Nocturnal, furry and known for their spooky reputation around Halloween, bats are not only the mysterious mammals that haunt the dark; they are also an important part of nature and in need of greater protection. According to the IUCN Red List of Threatened Species™, 20% of bats are threatened.
“Bats are disappearing at an alarming rate, due largely in part to ignorance and a misunderstanding of the benefits they provide,” says Paul A. Racey, Co-Chair IUCN SSC Bat Specialist Group. “We need to build capacity for bat conservation and we must educate young people about the value of these animals.”
Bats are mammals of the order Chiroptera whose forelimbs form webbed wings, making them the only mammals capable of flying. Bats are also the second largest order of mammals—numbering about 1,250 species. The smallest bat in the world is the Hog-nosed Bat (Craseonycteris thonglongyai) measuring around 30 mm in length. It is probably the smallest species of mammal that exists. The largest bat is the Golden-capped Fruit Bat (Acerodon jubatus), which is around 340 mm long and has a wingspan of 1.5 m.
Crucial to the environment, bats carry out the important ecological services of pollination, seed dispersal and reduction of pest insects. In South East Asia, bats, specifically the Dawn Bat (Eonycteris spelaea), pollinate durian, a high-value fruit, and also pettai, a vegetable used in curries. In Madagascar, endemic fruit bats pollinate some of the six endemic species of baobabs, including Adansonia suarezensis, only a few hundred individuals of which survive around Diego Suarez.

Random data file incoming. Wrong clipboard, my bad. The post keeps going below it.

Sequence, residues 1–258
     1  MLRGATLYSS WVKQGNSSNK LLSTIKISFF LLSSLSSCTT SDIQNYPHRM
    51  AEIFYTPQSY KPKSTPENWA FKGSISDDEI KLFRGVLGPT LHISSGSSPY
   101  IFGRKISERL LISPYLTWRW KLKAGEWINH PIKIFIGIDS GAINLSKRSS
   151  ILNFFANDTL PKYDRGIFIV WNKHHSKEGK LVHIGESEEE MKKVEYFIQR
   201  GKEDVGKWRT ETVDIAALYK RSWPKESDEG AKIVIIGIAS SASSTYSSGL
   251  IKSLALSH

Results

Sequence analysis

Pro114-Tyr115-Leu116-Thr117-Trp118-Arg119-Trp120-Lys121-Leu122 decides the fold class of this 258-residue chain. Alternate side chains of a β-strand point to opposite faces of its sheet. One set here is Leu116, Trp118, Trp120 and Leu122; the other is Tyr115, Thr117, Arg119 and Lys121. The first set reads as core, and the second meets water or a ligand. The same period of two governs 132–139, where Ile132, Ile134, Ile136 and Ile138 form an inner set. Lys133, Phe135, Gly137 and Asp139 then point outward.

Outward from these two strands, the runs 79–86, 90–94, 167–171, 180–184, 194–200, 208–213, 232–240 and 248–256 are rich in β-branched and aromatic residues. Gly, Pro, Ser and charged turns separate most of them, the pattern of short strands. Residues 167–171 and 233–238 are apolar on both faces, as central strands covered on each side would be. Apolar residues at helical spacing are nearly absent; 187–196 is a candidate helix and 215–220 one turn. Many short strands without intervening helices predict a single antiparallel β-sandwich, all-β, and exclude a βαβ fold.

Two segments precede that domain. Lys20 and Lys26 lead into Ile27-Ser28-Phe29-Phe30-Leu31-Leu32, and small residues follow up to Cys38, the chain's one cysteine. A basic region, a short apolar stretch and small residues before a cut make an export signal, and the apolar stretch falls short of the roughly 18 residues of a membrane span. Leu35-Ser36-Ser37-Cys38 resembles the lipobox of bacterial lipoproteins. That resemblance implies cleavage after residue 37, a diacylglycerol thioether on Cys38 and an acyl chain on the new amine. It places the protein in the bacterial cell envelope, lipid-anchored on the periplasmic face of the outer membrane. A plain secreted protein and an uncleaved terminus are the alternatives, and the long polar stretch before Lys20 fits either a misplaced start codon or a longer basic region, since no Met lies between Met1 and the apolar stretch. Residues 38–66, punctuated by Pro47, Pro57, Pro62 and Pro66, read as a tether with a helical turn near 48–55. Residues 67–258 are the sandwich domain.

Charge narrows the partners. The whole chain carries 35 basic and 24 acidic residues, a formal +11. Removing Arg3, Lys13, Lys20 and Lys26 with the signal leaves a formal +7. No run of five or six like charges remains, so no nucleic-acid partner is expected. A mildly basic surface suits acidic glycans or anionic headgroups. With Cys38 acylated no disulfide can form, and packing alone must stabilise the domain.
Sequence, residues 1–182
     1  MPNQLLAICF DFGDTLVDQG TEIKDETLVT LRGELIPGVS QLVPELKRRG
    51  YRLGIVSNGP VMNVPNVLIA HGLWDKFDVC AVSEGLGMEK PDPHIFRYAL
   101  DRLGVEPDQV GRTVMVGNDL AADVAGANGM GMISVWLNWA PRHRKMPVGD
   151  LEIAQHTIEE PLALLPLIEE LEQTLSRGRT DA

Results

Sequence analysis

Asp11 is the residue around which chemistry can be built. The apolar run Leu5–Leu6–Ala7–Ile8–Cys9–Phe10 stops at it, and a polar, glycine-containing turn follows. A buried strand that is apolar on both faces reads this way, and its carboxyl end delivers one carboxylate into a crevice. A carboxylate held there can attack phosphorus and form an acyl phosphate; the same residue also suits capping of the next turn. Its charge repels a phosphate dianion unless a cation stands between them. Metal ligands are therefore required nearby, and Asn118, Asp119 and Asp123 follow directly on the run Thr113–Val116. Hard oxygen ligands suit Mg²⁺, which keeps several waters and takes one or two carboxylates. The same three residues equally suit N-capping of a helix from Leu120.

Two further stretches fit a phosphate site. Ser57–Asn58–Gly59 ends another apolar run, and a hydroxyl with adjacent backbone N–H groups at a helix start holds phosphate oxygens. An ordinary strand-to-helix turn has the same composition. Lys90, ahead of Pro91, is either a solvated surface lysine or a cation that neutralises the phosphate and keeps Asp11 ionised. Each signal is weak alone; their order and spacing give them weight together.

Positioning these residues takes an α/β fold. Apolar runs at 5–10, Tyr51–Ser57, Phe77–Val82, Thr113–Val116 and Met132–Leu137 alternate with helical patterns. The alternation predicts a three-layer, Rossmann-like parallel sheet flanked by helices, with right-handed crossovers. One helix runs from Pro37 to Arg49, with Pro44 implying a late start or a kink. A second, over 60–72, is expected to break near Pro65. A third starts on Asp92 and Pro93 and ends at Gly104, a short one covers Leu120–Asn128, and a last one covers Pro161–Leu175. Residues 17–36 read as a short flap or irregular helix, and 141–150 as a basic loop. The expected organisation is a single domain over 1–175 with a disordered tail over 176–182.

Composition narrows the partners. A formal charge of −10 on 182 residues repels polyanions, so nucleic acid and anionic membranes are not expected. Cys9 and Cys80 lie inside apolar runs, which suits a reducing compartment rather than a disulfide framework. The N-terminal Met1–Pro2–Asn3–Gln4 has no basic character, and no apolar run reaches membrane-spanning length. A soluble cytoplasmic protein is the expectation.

About 70% of bats depend on insects for the main part of their diet, while the remainder are essentially fruit eaters. Bats dietary needs are mutually beneficial to farmers and crop growers. For example, in Texas, Mexican Free Tailed Bats (Tadarida brasiliensis) eat the pests that plague cotton and tobacco crops, reducing the insect population and the number of pesticide applications needed.
Around the world, bats can be found making their home in almost every environment available. Bats will inhabit caves, tree hollows, foliage, and even man-made structures, as they require only two things: a place for foraging and a roost where they can sleep. The main threats to bats are the loss of their roosting and foraging habitats.
Bats have the most sophisticated ultrasonic obstacle avoidance and prey detection system in the animal kingdom—they emit high frequency sounds above the range of human hearing that allow them to localize obstacles and food. Attempts have been made replicate bat echolocation in order to produce aids for visually-impaired humans.
“Bats are among the most underappreciated groups of mammals in the world and major steps are needed to safeguard them,” says Simon Stuart, Chair of IUCN’s Species Survival Commission. “Protection for bat roosting and foraging habitats, as well as effective response to specific threats, such as wind farms, is imperative.”
For more information please contact:
Maggie Roth, IUCN Media Relations, m: +1 202 262 5313 e: firstname.lastname@example.org